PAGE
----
As an academic coach, I have met with resistance, or rather, a lack of knowledge on the part of students, parents and teachers about the importance of developing study skills.
More parents are turning to private tutoring to supplement their children’s education. We may immediately think of Math as the subject for which most students seek tutoring. Normally, the Math tutor sits with the student for an hour, goes over their homework (looking at formulas, equations, problems etc.), and tries to help improve their math scores. Some students see short-term gains, but many continue to have problems into the future. Despite persistent academic underachievement, parents continue resending children to tutors with the hope that some miracle will take place, and their children will suddenly “get it”.
Learning is much more complex than this proposed hypothetical, and tutoring certainly extends beyond mathematics into other subject areas. What is important to note, is that tutoring with the aim of getting immediate results and improving grades has dominated the private tutoring business ethos. This is due in part, to linear educational paradigms, political rhetoric and economic policies that lack flexibility and are generally results oriented. Students are complex beings, whose struggles in school are multi-faceted, but who are assessed in narrow terms, and whose success is largely dependent on performance driven variables. Linear thinking in education has disastrous consequences; that a lack of healthy study habits is often overlooked as a primary factor contributing to academic underachievement is but one of many such consequences.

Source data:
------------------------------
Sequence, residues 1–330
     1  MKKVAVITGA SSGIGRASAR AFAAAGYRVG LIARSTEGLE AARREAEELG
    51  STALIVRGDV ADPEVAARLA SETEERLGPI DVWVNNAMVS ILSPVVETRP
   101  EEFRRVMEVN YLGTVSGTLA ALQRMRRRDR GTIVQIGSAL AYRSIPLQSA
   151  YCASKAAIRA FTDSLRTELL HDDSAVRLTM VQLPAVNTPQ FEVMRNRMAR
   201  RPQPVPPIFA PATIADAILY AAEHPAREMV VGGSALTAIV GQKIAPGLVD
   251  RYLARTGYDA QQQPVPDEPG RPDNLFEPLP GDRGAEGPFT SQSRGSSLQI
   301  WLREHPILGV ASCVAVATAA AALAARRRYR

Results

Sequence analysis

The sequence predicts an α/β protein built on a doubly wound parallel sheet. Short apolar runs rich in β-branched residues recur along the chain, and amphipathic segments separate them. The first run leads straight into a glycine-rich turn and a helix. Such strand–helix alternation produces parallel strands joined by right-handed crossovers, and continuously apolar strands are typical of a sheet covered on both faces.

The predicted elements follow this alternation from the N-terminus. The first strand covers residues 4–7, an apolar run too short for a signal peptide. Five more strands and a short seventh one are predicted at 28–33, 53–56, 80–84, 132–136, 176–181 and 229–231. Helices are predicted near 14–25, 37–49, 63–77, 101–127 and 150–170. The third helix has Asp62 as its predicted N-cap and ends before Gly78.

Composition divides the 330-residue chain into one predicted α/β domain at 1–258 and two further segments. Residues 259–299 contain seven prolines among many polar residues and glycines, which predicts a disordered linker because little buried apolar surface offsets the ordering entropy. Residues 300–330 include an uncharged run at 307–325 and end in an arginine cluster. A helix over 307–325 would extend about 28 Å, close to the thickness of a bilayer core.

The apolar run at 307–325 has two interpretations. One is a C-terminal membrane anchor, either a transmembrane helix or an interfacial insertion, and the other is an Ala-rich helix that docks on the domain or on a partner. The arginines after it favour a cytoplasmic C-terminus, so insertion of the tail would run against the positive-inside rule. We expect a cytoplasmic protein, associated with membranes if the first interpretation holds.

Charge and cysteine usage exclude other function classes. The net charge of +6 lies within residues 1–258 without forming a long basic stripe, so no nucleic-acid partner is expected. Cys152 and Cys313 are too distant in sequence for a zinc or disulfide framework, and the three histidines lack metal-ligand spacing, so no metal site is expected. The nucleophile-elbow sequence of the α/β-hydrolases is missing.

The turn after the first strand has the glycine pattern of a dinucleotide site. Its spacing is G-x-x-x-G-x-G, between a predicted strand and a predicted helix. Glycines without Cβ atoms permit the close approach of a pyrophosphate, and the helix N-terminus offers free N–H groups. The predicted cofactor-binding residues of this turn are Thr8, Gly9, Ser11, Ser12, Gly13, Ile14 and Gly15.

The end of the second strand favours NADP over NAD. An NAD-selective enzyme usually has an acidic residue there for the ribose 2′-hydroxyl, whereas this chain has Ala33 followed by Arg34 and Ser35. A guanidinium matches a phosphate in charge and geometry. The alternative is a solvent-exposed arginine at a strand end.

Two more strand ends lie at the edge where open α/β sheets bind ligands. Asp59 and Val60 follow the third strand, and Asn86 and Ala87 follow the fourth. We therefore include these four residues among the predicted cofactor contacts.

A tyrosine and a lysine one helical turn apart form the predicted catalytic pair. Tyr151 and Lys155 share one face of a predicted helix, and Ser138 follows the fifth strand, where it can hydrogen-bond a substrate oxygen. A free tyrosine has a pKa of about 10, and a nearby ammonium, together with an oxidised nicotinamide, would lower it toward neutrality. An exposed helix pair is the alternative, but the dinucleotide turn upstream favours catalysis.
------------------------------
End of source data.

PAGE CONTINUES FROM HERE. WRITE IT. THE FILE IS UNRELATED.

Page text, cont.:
Our education system is so inherently competitive and results driven, that test scores and grades become more important than personal development and growth (study skills are a part of this), resulting in children who are unable to advocate for themselves and continue to struggle without knowing the underlying reasons. Much of the time they blame themselves, teachers, parents, friends, anything and anyone. Blame and suffering are what many students endure in a competitive and results-oriented system. We as adults know this all too well.
Below I have outlined 3 reasons why study skills are overlooked in our education system. There are of course many more.
1) Importance on grades